On May 24 at the Center for Film Studies, veteran Broadway producer Jeffrey Richards ’69 (All the Way, The Realistic Joneses, Lady Day at Emerson’s Bar and Grill) and Corwin-Fuller Professor of Film Studies Jeanine Basinger spoke to a packed house about the different approaches in adapting the novel The Bridges of Madison County into a film, directed by Clint Eastwood Hon. ’00, and into a musical, which Richards recently co-produced on Broadway. During the WESeminar, Richards discussed the difficulties of producing and marketing a show with a new musical score as opposed to a jukebox musical with familiar songs, which is popular show genre on Broadway these days. Richards also spoke about the influence of critics on the success of a play or a musical and the possibility of making money on a show on tour even if it doesn’t do well on Broadway.

David Low '76, associate director of publications; Marc Longenecker, technical and programming manager in film studies; Lea Carlson, associate director of film studies, and Lilly Holman '15 enjoyed the WESeminar with Jeffrey Richards '69 and Jeanine Basinger.

David Low ’76, associate director of publications; Marc Longenecker ’03, MA ’07, technical and programming manager in film studies; Lea Carlson, associate director of film studies, and Lilly Holman ’15 enjoyed the WESeminar with Jeffrey Richards ’69 and Jeanine Basinger.

40 Years of the CFA

“Looking back isn’t something Wesleyan University’s Center for the Arts is much interested in doing,” begins a WNPR report on the 40th anniversary of Wesleyan’s Center for the Arts.

“During this 40th Anniversary Season, instead of reflecting on the past and patting itself on the back for four decades of innovative and non-traditional arts programming, CFA chose to celebrate with business as usual.

That means engaging audiences in less that’s familiar, repetitive, or comfortable, and more in timely visits from new visionary artists and performers — global rock stars of the experimental art and performance world.”

Read the whole report, along with pictures and video of recent CFA performances, here.

Photographs, Drawing, Sculpture from Studio Art Majors Displayed

"Thesis Art 2014" is on display through May 24 at the Ezra and Cecile Zilkha Gallery. The reception, honoring Class of 2014 studio art majors, will be held from 2 to 4 p.m. May 24. Pictured are Hannah May Knudsen’s archival image prints selected from “The Apron." Her photographs capture horseracing culture in present-day United States.

An exhibit titled “Thesis Art 2014″ was on display through May 24 at the Ezra and Cecile Zilkha Gallery. Class of 2014 studio art majors were honored at the reception. Pictured are Hannah May Knudsen’s archival image prints selected from “The Apron.” Her photographs capture horseracing culture in present-day United States.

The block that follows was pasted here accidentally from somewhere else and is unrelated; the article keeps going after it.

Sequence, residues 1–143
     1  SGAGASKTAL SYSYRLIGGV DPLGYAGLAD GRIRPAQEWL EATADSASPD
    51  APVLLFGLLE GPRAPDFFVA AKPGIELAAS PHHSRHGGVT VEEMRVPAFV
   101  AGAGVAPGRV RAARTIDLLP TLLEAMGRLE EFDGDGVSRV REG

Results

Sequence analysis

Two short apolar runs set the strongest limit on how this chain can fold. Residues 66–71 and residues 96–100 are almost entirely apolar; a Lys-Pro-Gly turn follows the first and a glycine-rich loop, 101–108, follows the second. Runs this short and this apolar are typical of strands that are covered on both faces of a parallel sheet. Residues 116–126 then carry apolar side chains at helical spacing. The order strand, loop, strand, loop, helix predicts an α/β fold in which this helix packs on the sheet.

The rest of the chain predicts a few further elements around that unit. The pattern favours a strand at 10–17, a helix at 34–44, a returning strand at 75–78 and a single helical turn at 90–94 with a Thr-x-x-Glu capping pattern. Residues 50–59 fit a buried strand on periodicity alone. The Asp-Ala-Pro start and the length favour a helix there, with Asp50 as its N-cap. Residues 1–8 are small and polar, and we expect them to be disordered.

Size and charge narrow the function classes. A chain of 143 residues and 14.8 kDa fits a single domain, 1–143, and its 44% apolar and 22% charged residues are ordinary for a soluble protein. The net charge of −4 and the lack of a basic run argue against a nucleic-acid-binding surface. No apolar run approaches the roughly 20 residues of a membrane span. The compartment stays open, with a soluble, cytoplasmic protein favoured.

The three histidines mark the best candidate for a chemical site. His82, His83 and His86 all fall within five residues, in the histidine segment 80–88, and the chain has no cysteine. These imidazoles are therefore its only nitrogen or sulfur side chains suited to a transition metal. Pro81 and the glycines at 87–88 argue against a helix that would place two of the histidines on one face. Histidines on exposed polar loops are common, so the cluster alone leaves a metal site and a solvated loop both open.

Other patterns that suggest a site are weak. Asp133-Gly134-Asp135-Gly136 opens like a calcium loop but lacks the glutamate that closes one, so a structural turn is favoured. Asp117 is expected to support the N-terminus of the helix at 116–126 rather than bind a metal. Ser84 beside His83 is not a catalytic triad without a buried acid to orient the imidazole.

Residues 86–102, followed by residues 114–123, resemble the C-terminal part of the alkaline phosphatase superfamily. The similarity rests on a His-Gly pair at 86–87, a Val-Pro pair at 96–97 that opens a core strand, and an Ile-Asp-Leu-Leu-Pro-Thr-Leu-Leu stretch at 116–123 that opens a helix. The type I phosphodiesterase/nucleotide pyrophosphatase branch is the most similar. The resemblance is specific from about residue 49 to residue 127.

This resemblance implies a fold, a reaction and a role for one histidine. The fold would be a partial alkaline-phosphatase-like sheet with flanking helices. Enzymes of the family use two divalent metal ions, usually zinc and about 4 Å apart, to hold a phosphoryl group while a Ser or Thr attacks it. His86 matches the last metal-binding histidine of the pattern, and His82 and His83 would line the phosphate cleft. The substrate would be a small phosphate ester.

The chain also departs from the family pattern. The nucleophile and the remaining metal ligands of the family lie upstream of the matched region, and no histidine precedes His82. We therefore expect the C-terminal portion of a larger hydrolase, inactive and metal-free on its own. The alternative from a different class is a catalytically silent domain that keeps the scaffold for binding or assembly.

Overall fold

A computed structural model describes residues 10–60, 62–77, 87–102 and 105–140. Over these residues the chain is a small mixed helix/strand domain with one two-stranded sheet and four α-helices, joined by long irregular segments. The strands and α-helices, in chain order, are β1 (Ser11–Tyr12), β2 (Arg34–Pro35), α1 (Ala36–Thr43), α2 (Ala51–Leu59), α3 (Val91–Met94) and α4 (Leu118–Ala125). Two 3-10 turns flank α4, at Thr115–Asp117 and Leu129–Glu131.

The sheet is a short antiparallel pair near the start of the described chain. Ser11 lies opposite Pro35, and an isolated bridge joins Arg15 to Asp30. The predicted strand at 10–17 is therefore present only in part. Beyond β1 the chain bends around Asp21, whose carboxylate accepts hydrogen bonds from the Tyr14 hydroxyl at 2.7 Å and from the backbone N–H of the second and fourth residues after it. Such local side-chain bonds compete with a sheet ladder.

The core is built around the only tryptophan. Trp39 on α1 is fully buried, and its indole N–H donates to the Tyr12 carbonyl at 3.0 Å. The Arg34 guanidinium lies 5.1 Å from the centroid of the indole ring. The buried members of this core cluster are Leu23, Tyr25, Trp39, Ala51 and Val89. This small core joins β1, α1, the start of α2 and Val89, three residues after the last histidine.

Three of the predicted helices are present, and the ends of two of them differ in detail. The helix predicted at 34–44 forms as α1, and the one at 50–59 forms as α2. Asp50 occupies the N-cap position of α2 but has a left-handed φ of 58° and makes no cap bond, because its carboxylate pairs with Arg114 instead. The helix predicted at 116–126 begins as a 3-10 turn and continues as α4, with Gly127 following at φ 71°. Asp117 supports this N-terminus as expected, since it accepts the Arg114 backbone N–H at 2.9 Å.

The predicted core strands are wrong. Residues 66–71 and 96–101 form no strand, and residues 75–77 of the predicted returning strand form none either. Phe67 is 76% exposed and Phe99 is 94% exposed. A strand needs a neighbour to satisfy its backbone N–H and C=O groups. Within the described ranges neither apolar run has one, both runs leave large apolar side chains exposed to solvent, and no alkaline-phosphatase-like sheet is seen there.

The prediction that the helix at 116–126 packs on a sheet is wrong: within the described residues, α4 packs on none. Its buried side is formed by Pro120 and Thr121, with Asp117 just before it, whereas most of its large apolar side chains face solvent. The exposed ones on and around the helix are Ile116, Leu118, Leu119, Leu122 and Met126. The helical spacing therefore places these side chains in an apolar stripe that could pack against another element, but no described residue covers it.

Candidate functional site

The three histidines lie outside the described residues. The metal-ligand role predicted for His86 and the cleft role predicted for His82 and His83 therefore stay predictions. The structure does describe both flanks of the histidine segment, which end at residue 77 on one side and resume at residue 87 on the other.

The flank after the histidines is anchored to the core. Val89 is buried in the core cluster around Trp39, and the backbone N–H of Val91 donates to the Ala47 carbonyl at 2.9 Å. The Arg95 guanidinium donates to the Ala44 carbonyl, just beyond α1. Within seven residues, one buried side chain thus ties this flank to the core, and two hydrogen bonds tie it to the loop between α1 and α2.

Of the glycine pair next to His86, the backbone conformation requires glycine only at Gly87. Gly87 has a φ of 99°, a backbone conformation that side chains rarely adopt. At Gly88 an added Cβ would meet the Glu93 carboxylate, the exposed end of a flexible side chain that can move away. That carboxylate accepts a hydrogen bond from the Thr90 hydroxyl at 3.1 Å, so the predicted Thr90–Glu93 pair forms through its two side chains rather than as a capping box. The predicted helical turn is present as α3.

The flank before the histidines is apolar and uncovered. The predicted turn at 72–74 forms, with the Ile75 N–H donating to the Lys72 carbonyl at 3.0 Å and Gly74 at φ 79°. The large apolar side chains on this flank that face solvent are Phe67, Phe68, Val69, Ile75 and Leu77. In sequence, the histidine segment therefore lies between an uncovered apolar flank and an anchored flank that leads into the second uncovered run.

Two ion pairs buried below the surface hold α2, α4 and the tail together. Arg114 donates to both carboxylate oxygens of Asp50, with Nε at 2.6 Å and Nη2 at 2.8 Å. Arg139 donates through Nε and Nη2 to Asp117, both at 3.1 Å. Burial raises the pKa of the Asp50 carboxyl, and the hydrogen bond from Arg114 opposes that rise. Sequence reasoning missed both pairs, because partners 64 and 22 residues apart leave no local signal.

Nathaniel Elmer, who completed his thesis, beat_space, in architecture, is displaying his images titled “3 photographs."

Nathaniel Elmer, who completed his thesis, beat_space, in architecture, displayed his images titled “3 photographs.”

Rebecca Schisler ’14’s painting, “Field notes and personal Hieroglyphs”, selected from the larger Out of Line: Paintings collection examine optical spontaneity at “the intersection of reference and abstraction”.

Rebecca Schisler’s paintings, selected from her larger “Out of Line: Paintings” collection examine optical spontaneity at “the intersection of reference and abstraction.”

Seniors Write, Direct, Act in “Shrak the Musical”

Wesleyan students presented “Texts.com Presents Shrak the Musical: the Musical” May 3 in WestCo Cafe. Nick Petrillo ’14, Sky McGilligan ’14, Keegan Dufty ’14 and Liza Pine ’14 wrote, directed and acted in the musical. Charlie Kaplan ’14 directed the music and co-directed the show. Ben Kafoglis ’14 also wrote, directed and produced the show. (Photos by Ryan Heffernan ’16)

Keegan Dufty '14 starred as "Shrak" and Nick Martino '15 played the role of "Donkey."

Keegan Dufty ’14 starred as “Shrak” and Nick Martino ’15 played the role of “Donkey.”

Pictured from left, are Linsin Smith '16 as "Fiona," Zachary Logan '15 as "Gingerbread Man" and Kate Centofanti '14 as "Officer Boots."

Pictured from left, are Linsin Smith ’16 as “Fiona,” Zachary Logan ’15 as “Gingerbread Man” and Kate Centofanti ’14 as “Officer Boots.”

Low’s Short Story Published in Solstice Literary Magazine

David Low

David Low

David Low ’76, associate director of publications in University Communications, is the author of a short story titled “Elevor,” published in the Spring 2014 literary magazine Solstice.

“Elevor” is about a young Chinese American woman living and working in Manhattan who suffers from claustrophobia and has several surprising adventures around the city.

In addition to his many articles in Wesleyan magazine, Low’s fiction has appeared in the Ploughshares Reader, American Families, Under Western Eyes: Personal Essays from Asian America, Many Lights in Many Windows, and Mississippi Review.

He is a recipient of fellowships from the National Endowment of the Arts, the MacDowell Colony and Yaddo, a New York State Arts Council Grant, and a Wallace Stegner Writing Fellowship at Stanford University.